Dr Alaric Hall
- Position: Associate Professor
- Areas of expertise: Language, literature, and history of medieval north-west Europe; Iceland and Icelandic.
- Email: A.T.P.Hall@leeds.ac.uk
- Phone: +44(0)113 343 4761
- Location: 2.02 7 Cavendish Road, School of English
- Website: My actual website | Wikipedia userpage | Googlescholar | ORCID
My teaching, research, and supervision focus on Britain and Scandinavia, 500-1600, and modern Icelandic language and culture. For the most up-to-date information on my activities, web-resources, and publications, see http://www.alarichall.org.uk.
I work mainly on early medieval Britain; medieval Scandinavia; and modern Icelandic culture. My current research investigates four main areas:
- Comparative study of early medieval cultures, particularly in north-west Europe.
- Medieval Icelandic romance: its cultural meanings, and its long life through the early modern period to the present day.
- Modern Icelandic literature about the 2008 Icelandic financial crisis.
For the most up-to-date list of my publications, including links to free-access texts, forthcoming articles, and abstracts see http://www.alarichall.org.uk/bibliog.php.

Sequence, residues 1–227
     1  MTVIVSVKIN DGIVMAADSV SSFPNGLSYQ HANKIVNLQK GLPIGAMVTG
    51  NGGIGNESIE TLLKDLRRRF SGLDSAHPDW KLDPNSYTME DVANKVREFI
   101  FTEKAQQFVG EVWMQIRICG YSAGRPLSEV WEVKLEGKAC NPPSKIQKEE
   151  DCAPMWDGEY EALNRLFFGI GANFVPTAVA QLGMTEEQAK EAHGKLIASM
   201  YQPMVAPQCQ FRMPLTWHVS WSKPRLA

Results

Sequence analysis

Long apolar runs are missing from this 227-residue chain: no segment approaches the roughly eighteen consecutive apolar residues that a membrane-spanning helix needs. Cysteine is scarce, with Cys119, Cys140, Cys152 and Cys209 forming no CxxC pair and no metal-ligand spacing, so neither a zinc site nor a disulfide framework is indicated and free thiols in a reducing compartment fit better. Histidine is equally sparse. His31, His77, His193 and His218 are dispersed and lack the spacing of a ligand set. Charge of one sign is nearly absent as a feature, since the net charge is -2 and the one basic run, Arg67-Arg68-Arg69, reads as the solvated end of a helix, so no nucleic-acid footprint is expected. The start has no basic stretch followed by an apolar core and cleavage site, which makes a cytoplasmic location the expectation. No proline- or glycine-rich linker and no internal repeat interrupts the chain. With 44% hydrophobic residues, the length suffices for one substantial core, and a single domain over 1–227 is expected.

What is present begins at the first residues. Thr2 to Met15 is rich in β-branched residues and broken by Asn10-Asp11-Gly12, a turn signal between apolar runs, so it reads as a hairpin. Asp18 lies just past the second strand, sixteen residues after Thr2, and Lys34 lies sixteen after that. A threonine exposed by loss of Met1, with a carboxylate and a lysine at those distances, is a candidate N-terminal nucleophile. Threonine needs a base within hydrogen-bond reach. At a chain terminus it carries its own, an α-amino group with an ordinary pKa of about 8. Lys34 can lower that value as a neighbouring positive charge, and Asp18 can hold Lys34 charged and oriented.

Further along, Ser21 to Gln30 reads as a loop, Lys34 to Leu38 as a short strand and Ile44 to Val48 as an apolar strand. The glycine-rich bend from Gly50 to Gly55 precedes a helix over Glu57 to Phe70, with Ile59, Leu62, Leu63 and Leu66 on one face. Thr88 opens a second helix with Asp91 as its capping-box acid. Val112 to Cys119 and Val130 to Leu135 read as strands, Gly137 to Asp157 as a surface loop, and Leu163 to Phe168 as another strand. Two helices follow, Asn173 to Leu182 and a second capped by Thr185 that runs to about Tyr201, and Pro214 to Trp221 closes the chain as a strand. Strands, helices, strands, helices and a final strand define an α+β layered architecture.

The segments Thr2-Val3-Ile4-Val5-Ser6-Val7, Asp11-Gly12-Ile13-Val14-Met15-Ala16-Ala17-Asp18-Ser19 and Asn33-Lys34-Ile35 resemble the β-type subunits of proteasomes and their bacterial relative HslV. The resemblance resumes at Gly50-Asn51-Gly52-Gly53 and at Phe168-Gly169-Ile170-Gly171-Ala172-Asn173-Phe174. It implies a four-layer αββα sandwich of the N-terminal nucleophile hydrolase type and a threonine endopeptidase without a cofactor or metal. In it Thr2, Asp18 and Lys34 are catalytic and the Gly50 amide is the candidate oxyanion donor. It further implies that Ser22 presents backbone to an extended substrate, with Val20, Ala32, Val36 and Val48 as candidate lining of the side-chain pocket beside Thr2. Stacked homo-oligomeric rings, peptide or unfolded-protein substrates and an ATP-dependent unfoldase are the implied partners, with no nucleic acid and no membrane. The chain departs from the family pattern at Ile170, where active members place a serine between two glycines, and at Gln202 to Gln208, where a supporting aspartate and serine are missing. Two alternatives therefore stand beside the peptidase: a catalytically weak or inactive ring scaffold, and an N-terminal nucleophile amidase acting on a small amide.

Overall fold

For working papers see http://www.alarichall.org.uk/iease.php.
I also edit Leeds Studies in English, for which I'm always seeking good submissions.<h4>Research projects</h4> <p>Any research projects I'm currently working on will be listed below. Our list of all <a href="https://ahc.leeds.ac.uk/dir/research-projects">research projects</a> allows you to view and search the full list of projects in the faculty.</p>
- BA Anglo-Saxon, Norse and Celtic
- M.Phil. Medieval Studies
- Ph.D. English Literature
My postgraduate supervision focuses on language, literature and history in early medieval Britain and medieval Scandinavia, and on modern medievalism.
I welcome postgraduate research applications in these fields.
Teaching is one of the most fun things that I do, and is the single most important thing to me in my job here at Leeds. I particularly enjoy that fact that my students have almost never studied my subjects at school: we get to start from scratch, looking at some amazing material which people generally haven't had a chance to study before. The texts I teach were mostly written in medieval English or Scandinavian languages, and although I teach a lot in translation, it's also a central aim for me to help students access and appreciate this material in the original language--and through this to open up other opportunities for language-learning in future.
I frequently teach Old and modern Icelandic, Old and Middle English, and a variety of modules focusing on medieval cultural history.
Research groups and institutes
- Centre for the Comparative History of Print